Leah Price: 359:460: Topics in Media Theory: Cunneiform to Twitter (Spring 2020; undergraduate)
What is a book? How do you make one? Who has the power to decide how printed matter is stored, sold, lent, and pulped – and how have those decisions evolved over the past three centuries? This seminar will explore the history and future of reading through four activities:
1. Readings: a long and gripping 18th-century novel, Pamela, narrated by a newly literate servant corresponding with and about a more powerful master; an early-20th-century play, Pygmalion, that grapples with the effects of new audio-recording technologies on dueling voices of different regions, social classes, and genders; and selected shorter 21st-century essays and stories.
2. Writing exercises: a weekly notebook; a class blog; analytical assignments in close reading; creative writing assignments in pastiche and parody.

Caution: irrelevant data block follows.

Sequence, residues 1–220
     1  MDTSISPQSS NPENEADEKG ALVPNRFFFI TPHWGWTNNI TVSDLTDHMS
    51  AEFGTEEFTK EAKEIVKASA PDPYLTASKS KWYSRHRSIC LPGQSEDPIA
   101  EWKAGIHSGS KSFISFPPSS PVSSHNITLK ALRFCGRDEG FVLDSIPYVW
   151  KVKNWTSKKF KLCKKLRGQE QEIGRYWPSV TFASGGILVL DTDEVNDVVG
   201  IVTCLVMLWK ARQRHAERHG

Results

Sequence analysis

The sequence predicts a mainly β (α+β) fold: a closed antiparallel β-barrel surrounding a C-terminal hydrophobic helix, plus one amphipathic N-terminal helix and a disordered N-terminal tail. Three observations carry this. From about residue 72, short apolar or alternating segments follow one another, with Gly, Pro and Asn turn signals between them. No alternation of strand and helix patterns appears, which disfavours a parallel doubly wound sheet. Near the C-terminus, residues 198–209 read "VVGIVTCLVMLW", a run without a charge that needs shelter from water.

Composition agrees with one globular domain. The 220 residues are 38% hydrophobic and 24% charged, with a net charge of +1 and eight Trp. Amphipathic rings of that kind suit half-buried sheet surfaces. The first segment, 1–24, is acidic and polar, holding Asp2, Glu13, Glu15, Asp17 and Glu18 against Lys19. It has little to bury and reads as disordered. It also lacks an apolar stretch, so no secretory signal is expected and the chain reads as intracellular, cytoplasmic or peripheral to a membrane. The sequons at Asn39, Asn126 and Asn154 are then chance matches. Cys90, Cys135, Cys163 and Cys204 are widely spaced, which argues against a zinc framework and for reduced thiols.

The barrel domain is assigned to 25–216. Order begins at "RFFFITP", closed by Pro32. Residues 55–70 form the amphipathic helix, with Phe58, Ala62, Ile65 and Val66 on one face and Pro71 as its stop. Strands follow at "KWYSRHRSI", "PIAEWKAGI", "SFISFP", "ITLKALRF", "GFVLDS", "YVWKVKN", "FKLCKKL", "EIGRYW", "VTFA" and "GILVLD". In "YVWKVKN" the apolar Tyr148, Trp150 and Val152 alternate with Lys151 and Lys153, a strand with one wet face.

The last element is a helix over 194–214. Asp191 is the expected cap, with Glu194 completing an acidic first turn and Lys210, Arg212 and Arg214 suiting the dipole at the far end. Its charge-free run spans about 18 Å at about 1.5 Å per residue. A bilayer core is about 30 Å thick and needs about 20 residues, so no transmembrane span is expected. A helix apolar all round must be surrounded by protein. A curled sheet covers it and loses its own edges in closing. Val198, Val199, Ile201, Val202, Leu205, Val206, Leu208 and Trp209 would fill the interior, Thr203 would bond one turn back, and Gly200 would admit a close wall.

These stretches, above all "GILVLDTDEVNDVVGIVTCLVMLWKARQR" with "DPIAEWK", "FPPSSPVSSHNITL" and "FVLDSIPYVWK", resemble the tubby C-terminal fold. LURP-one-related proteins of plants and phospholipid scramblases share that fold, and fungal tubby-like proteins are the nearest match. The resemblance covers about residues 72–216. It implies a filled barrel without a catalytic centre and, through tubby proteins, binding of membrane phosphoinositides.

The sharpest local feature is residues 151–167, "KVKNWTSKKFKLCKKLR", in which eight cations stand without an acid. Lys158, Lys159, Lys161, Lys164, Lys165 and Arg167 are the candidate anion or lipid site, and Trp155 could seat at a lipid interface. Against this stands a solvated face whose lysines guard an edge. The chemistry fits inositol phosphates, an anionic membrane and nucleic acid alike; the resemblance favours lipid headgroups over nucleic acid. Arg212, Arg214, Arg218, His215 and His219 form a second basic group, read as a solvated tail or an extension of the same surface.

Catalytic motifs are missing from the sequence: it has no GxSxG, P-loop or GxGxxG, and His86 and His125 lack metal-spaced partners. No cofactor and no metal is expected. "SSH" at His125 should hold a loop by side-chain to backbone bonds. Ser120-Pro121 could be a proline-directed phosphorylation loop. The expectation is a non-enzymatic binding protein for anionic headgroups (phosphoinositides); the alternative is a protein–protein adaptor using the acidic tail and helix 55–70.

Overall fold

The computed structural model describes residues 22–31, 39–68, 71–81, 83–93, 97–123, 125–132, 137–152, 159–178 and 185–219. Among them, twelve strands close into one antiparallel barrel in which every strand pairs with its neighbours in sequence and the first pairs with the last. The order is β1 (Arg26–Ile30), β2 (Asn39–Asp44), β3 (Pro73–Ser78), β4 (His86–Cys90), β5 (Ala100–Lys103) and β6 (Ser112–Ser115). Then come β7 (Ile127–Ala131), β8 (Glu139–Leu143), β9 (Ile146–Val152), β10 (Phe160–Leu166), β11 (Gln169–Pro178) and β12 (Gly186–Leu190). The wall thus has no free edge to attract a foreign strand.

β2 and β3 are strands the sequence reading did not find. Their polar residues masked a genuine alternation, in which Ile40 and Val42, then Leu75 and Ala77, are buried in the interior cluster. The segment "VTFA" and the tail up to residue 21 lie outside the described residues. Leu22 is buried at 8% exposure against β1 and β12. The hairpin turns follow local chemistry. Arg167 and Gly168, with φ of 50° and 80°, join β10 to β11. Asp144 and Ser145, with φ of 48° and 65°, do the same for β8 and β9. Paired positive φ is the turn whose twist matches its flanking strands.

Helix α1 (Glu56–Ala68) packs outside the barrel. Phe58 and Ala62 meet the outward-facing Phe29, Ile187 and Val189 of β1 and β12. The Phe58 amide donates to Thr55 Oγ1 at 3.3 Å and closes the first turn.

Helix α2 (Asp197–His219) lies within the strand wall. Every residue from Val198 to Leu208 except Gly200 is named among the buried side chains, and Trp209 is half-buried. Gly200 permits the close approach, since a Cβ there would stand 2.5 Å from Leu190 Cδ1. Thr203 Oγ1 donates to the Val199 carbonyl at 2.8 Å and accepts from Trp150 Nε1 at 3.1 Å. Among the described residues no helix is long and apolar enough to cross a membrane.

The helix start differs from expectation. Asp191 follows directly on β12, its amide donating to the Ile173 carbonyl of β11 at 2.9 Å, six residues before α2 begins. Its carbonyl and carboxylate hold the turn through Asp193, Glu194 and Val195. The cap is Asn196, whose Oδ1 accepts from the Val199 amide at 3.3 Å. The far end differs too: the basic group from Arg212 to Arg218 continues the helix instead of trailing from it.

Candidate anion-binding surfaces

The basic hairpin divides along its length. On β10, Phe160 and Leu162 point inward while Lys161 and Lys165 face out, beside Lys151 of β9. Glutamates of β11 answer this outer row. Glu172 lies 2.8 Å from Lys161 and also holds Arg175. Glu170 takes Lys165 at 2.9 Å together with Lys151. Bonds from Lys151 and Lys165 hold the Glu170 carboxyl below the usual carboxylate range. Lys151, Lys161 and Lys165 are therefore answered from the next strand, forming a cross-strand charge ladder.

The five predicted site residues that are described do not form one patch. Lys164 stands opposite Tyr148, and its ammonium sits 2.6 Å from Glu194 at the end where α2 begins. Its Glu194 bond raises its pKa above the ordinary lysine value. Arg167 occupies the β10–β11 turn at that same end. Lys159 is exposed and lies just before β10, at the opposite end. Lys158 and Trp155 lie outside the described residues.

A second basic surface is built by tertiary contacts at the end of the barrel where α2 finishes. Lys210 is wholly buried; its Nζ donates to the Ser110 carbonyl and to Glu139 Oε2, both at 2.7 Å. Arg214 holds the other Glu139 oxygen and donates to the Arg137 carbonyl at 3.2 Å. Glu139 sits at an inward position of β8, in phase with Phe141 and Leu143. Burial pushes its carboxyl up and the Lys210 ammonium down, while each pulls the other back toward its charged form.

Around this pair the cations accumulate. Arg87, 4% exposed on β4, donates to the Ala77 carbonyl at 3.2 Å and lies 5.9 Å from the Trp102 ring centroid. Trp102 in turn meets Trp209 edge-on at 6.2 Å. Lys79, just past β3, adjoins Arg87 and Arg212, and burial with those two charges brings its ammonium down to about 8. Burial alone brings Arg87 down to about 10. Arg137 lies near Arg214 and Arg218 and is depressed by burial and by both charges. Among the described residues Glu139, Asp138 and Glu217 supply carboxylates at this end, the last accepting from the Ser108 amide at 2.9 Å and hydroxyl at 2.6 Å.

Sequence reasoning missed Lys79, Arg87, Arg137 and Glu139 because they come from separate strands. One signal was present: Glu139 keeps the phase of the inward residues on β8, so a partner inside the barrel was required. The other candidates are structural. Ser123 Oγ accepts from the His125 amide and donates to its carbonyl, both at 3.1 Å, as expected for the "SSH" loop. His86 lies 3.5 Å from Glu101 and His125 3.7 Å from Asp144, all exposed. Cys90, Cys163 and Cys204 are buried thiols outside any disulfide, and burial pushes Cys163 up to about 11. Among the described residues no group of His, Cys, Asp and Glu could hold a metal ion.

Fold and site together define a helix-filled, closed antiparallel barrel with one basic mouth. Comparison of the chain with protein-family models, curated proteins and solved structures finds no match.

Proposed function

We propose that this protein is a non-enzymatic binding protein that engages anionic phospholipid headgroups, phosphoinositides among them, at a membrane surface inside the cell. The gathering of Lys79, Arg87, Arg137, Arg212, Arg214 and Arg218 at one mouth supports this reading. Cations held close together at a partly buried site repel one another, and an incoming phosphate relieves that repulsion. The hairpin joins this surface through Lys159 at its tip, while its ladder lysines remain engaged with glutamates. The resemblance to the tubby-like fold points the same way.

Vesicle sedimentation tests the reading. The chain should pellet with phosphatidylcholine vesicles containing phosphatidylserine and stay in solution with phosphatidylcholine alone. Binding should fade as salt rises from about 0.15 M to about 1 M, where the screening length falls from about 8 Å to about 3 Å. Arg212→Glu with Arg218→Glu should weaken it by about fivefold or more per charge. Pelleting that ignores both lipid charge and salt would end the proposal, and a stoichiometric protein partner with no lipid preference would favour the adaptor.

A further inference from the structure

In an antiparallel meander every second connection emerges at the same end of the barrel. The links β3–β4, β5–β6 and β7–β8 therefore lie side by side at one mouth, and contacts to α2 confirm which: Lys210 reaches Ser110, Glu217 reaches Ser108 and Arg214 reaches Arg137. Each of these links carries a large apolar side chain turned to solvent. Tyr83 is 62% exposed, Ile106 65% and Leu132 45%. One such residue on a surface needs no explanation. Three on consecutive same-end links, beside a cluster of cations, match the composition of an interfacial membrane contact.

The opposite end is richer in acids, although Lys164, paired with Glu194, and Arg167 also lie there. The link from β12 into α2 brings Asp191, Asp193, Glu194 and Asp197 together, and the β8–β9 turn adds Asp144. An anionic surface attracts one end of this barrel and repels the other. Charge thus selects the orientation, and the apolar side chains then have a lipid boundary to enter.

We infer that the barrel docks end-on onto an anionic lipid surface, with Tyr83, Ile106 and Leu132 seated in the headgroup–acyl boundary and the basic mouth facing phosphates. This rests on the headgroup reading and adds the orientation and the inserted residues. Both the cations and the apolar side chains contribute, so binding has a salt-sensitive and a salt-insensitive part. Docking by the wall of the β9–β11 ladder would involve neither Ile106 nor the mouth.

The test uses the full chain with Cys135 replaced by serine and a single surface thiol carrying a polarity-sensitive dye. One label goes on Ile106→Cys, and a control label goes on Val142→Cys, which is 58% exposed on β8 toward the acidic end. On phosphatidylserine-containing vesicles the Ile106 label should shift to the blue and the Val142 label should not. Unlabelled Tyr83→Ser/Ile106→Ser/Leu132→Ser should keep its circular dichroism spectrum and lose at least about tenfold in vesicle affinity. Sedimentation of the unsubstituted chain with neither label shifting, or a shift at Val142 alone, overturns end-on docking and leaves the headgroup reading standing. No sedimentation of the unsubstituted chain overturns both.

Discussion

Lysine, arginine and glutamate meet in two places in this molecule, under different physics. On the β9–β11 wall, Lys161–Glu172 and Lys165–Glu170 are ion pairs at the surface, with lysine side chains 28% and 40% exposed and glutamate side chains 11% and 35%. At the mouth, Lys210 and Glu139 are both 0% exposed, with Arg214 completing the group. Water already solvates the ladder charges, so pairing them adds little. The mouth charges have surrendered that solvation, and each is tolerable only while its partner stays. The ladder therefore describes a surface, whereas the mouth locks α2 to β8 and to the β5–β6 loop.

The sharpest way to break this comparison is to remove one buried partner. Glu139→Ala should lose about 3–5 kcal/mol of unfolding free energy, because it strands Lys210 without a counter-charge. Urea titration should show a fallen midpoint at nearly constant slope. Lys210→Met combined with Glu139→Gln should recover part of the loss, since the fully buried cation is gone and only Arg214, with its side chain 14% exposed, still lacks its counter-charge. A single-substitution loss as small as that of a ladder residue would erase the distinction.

3. Group exercises in bookmaking. Over the course of the semester, we will make paper; print a page; design a zine; and record an audiobook. No technical or artistic background is required, only an open mind.
4. Field trips: to a library, a printing press, a makerspace, a warehouse, and a theater.
Meets [WCr] requirement.
Leah Price: 350:508 – Methods in History of Books & Reading (Fall 2019; graduate)
This seminar will introduce students to methods and debates in the history of the book and of reading. Issues will include material bibliography; competing models of authorship, printing, and reading; changing practices in the production, circulation and use of the printed word
Broaden your repertoire of methods for interpreting texts and analyzing material culture
Identify areas of interest for dissertation research, and situate those interests within theoretical and historiographical debates
Develop the ability to break a research project into stages, to identify tools needed to pursue each, and to plan the most efficient way to acquire them.
Familiarize yourself with library resources on campus and beyond
Practice constructing arguments and marshaling primary & secondary texts to support your claims
Gain practice in presenting your research to scholars in other time/place fields